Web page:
Attorney Ardrey (Finding Merlin: The Truth Behind the Legend of the Great Arthurian Mage, 2013), a master of investigating minutiae, analyzes just about every word ever associated with Arthur to establish the true history of the legend.
The author’s legal mind asks every question and explores every possibility, and he dissects all the main stories linked to the Arthurian legend, among them the Welsh monk Nennius’ The History of the Britons (circa 830), the works of the Dark Age poet Aneirin, Geoffrey of Monmouth’s History of the Kings of Britain (circa 1136) and Thomas Malory’s Le Morte D’Arthur (1485). Ardrey’s ability to take the smallest evidence and develop it into the answer he’s looking for will impress many readers. Even as earlier writers adapted Arthur to fit either their patrons’ needs or avoid the censure of the Catholic Church, so Ardrey fits the tales of Camelot, Excalibur and Avalon neatly into the geography of Scotland. After years of argument over whether this king was from Wales, Devon or Cornwall, the author’s arguments make enough sense that readers will be inclined to accept them as fact. What set him off on this quest was his discovery of an Irish-English dictionary based on sixth-to-ninth–century sources, and differences in languages in various regions enabled him to trace the earliest history of the Scots. He describes the word origins of the names and places associated with the king, right down to naming him as Arthur Mac Aedan. The author claims that without Wallace and Bruce, Scotland would never have survived, but without Arthur and Merlin, it never would have been born. He also provides a useful chronology and glossary of names.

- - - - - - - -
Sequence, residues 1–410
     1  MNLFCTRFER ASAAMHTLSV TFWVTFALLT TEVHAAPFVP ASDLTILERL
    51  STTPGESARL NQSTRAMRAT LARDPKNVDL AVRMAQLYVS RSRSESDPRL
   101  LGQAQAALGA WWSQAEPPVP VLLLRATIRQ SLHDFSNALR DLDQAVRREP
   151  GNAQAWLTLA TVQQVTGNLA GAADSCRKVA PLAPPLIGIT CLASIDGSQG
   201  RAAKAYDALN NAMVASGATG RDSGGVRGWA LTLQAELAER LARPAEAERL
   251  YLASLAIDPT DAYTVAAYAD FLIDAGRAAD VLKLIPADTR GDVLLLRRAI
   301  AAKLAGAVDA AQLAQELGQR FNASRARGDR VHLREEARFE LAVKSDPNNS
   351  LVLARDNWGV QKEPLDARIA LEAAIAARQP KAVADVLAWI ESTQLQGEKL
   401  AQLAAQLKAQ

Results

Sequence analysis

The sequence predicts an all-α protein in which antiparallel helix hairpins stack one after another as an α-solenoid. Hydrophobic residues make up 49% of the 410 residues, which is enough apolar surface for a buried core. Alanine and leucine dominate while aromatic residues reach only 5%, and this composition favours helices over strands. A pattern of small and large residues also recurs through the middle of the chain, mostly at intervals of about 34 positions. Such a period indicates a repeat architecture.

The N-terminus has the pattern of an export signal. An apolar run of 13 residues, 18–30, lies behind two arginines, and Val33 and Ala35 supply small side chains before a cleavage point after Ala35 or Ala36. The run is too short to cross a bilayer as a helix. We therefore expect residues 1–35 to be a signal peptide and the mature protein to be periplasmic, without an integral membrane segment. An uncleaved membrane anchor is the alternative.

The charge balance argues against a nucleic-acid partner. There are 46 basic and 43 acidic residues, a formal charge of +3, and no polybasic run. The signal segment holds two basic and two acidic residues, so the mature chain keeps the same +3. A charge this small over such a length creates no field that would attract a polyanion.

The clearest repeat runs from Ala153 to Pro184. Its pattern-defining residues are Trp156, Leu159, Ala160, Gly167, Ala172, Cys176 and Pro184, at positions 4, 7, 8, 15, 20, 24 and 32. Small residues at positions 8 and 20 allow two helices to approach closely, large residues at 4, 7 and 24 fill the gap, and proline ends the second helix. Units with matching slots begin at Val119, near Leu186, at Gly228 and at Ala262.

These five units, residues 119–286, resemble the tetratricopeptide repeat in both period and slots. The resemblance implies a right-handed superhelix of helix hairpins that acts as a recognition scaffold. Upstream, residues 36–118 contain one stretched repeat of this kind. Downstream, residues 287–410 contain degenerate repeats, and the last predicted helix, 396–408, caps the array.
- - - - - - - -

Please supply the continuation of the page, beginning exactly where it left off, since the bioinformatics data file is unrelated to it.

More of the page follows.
Ardrey puts forth well-made arguments backed by archaeology, etymology and geography. Although the book is occasionally prolix and repetitious, it will have readers rooting for a Scottish Arthur.